U.S. and Chinese negotiators have agreed to eliminate some tariffs “in phases” as talks continue to finalize a partial Phase One trade deal, a spokesman for China’s Commerce Ministry said Thursday at a press conference in Beijing.
U.S. and Chinese negotiators still aim to finish the "phase one" trade deal by mid-November despite the cancellation of a summit in Chile where President Donald Trump and Chinese President Xi Jinping had planned to sign the pact, says Deputy Agriculture Secretary Steve Censky.
President Donald Trump’s claim that China is willing to address “agricultural structural issues” in a trade deal has the U.S. ag sector excited that real change may be coming to the U.S-China trading relationship beyond just increased commodity sales.
The United States and China have agreed to a tentative trade deal that addresses biotechnology and other key agricultural issues while substantially boosting U.S. farm exports, President Donald Trump said Friday.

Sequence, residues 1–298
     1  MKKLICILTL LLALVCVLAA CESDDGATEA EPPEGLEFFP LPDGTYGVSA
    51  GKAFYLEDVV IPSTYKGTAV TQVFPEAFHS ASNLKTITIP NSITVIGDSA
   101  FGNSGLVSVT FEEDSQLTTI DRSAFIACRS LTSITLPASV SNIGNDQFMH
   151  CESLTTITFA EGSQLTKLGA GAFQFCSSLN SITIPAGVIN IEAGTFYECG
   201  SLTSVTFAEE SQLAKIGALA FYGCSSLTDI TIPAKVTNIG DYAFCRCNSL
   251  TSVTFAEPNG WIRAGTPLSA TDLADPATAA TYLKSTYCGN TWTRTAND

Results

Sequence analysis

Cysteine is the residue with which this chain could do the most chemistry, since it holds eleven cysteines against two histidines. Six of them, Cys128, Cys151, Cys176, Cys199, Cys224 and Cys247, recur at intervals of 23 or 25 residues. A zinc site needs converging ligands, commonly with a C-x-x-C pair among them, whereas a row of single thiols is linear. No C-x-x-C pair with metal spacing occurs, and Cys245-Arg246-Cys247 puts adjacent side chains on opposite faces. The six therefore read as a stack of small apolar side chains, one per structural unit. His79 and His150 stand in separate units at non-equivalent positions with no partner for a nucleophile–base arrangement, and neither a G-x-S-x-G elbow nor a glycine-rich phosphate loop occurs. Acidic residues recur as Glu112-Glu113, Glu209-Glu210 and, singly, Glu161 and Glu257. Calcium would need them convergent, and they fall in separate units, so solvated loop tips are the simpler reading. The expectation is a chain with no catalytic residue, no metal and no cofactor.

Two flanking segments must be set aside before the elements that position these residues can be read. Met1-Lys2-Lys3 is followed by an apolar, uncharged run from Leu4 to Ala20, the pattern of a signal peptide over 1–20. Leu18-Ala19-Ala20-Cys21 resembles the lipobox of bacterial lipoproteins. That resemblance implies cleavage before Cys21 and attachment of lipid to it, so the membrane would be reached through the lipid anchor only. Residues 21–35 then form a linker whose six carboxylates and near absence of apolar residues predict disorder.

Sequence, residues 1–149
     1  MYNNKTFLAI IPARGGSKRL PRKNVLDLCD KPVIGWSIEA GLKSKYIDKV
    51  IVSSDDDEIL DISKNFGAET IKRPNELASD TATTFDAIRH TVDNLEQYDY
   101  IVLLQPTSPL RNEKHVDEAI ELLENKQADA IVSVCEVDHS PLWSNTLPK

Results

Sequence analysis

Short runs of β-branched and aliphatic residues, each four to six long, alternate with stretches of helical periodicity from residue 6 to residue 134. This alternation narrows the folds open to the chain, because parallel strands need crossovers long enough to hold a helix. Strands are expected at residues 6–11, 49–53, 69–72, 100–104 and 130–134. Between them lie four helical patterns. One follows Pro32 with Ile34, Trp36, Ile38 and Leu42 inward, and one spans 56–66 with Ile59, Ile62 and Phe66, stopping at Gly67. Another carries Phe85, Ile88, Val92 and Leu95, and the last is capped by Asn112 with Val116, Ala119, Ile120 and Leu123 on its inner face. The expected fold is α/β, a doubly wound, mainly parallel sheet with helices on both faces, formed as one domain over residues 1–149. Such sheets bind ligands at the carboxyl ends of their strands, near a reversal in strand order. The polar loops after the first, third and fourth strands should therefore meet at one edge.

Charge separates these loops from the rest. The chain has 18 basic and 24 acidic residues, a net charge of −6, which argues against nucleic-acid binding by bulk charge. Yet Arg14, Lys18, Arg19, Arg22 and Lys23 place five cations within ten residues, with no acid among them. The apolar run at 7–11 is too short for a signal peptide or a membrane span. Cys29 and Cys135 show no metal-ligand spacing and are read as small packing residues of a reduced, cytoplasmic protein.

The trade war between the U.S. and China could go on for months or years, according to erratic statements from the White House, but for the first time in weeks, there is renewed optimism because China has agreed to new negotiations.
The U.S. and China are set to begin trade talks again after a tumultuous week of tension-escalating threats of new tariffs and tariff-rate increases that roiled international markets and alarmed the U.S. ag sector.
President Donald Trump said Thursday he will hit roughly $300 billion worth of Chinese goods — effectively the only goods remaining untaxed in the ongoing trade war — with a 10% tariff on Sept. 1, raising concerns that the recently renewed trade talks are not going well.
Agriculture will be one of the core subjects when U.S. Trade Representative Robert Lighthizer and Treasury Secretary Steven Mnuchin travel to China next week to resume trade talks, according to a White House statement released Wednesday.
By the end of the year, China is finally expected to implement the quotas for corn, wheat and rice as it agreed to do about 20 years ago, but it may not be a cause for celebration for American farmers.